Now that the Human Genome Project is essentially complete, should governmental and private agencies commit themselves to the Human Proteome Project, which would study the output of all human genes

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Now that the Human Genome Project is essentially complete, should governmental and private agencies commit themselves to the Human Proteome Project, which would study the output of all human genes?

Viewpoint: Yes, governmental and private agencies should now commit themselves to a Human Proteome Project because of the many practical benefits such work could bring, from improvements in rational drug design to the discovery of new disease markers and therapeutic targets.

Viewpoint: No, governmental and private agencies should not commit themselves to a Human Proteome Project; the intended endpoint of the project is unclear, and the battles over access to the data might be even more intense than those that marked the Human Genome Project.

The term genetics was coined at the beginning of the twentieth century to signify a new approach to studies of patterns of inheritance. Within about 50 years, the integration of several classical lines of investigation led to an understanding of the way in which the gene was transmitted and the chemical nature of the gene. Subsequent work revealed how genes work, the nature of the genetic code, and the way in which genetic information determines the synthesis of proteins. During the course of these investigations, classical genetics was largely transformed into the science of molecular biology.

For most of the first half of the twentieth century, scientists assumed that the genetic material must be protein, because no other species of biological molecules seemed to possess sufficient chemical complexity. Nucleic acids, which had been discovered by Friedrich Miescher in the 1860s, were thought to be simple, monotonous polymers. The work of Erwin Chargaff in the 1940s challenged prevailing ideas about DNA and suggested that nucleic acids might be as complicated, highly polymerized, and chemically diverse as proteins. However, because the structure of DNA was still obscure, experiments that indicated that DNA might be the genetic material could not explain the biological activity of the gene. This dilemma was resolved in 1953 when James D. Watson and Francis Crick described an elegant double helical model of DNA that immediately suggested how the gene could function as the material basis of inheritance. Indeed, molecular biologists called the elucidation of the three-dimensional structure of DNA by Watson and Crick one of the greatest achievements of twentieth-century biology.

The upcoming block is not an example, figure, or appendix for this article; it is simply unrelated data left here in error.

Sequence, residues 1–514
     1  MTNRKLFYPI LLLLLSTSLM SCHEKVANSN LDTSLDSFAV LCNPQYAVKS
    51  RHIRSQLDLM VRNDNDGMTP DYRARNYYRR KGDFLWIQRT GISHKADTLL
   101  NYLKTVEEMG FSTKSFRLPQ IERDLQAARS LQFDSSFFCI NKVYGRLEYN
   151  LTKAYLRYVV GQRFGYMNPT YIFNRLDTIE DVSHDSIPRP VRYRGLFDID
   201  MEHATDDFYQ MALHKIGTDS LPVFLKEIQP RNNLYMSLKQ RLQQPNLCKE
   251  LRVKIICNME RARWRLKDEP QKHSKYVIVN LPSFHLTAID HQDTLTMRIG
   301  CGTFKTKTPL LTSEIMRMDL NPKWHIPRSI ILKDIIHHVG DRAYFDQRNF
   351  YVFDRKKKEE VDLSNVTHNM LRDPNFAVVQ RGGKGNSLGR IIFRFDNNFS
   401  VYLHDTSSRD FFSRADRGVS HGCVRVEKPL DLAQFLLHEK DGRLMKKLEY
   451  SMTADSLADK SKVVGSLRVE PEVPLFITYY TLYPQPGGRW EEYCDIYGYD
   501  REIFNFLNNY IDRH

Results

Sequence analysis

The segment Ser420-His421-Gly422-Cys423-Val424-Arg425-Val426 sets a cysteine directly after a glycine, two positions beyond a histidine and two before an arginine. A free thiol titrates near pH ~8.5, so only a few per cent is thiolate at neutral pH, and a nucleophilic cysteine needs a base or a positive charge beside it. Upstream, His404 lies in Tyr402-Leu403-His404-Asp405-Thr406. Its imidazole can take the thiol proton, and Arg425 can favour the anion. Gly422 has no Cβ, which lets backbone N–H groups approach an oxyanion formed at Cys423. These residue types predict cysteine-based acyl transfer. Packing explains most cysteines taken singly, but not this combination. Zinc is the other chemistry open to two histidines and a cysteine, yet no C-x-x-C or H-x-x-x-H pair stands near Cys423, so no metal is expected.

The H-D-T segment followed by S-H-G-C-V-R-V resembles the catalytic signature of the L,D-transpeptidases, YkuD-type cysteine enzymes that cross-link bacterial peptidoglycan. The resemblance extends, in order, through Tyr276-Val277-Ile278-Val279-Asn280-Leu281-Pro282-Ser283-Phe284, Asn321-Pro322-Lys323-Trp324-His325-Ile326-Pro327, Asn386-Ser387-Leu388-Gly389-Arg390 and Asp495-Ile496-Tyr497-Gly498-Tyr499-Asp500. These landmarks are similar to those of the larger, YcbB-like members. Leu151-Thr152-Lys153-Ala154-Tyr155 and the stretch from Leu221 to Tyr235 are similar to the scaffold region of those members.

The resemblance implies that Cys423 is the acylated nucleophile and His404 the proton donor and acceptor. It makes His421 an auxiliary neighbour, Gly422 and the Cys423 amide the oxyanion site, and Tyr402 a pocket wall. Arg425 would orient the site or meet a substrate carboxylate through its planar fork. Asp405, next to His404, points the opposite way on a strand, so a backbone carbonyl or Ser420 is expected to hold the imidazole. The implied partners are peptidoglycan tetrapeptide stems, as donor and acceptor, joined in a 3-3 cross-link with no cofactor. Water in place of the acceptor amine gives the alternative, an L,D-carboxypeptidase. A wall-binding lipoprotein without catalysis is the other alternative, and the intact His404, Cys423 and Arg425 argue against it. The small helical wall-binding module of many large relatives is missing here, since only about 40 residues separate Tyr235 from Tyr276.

Based on the Watson-Crick DNA model, researchers were able to determine how genes work, that is, how information stored in DNA is replicated and passed on to daughter molecules and how information in DNA determines the metabolic activities of the cell. In attempting to predict the steps involved in genetic activity, Watson stated that: DNA [.arrowright] RNA [.arrowright] protein. The arrows represent the transfer of genetic information from the base sequences of the nucleic acids to the amino acid sequences in proteins. The flow of information from DNA to RNA to protein has been called the Central Dogma of molecular biology.

Further research demonstrated that specific mutations in DNA are associated with changes in the sequence of amino acids in specific proteins that result in a wide variety of inherited diseases. By the 1980s scientists had established the existence of some 3,000 human genetic diseases, which suggested that developments in genetics would make it possible to manage many diseases at the gene level. In theory, the ability to produce genes and gene products in the laboratory should allow "replacement therapy" for the hundreds of genetic diseases for which the defective gene and gene product are known.

In the 1970s, scientists learned how to cut and splice DNA to form recombinant DNA molecules and place these molecules into host organisms, and then clone them, that is, induce them to reproduce within their hosts. The commercial potential of recombinant DNA and genetic engineering was almost immediately understood by scientists, university development officials, venture capitalists, and entrepreneurs. Genentech (Genetic Engineering Technology) was established in 1976 for the commercial exploitation of recombinant DNA techniques. In 1980, the U.S. Patent Office granted a patent for the recombinant DNA process. This was the first major patent of the new era of biotechnology. Scientists confidently predicted that the techniques of molecular biology would make it possible to treat genetic diseases, manipulate the genetic materials of plants, animals, and microorganisms, synthesize new drugs, and produce human gene products such as insulin, growth hormone, clotting factors, interferons, and interleukins. However, such predictions also raised questions about the potential uses and abuses of recombinant DNA, cloning, genetic engineering, gene therapy, and genetically modified foods.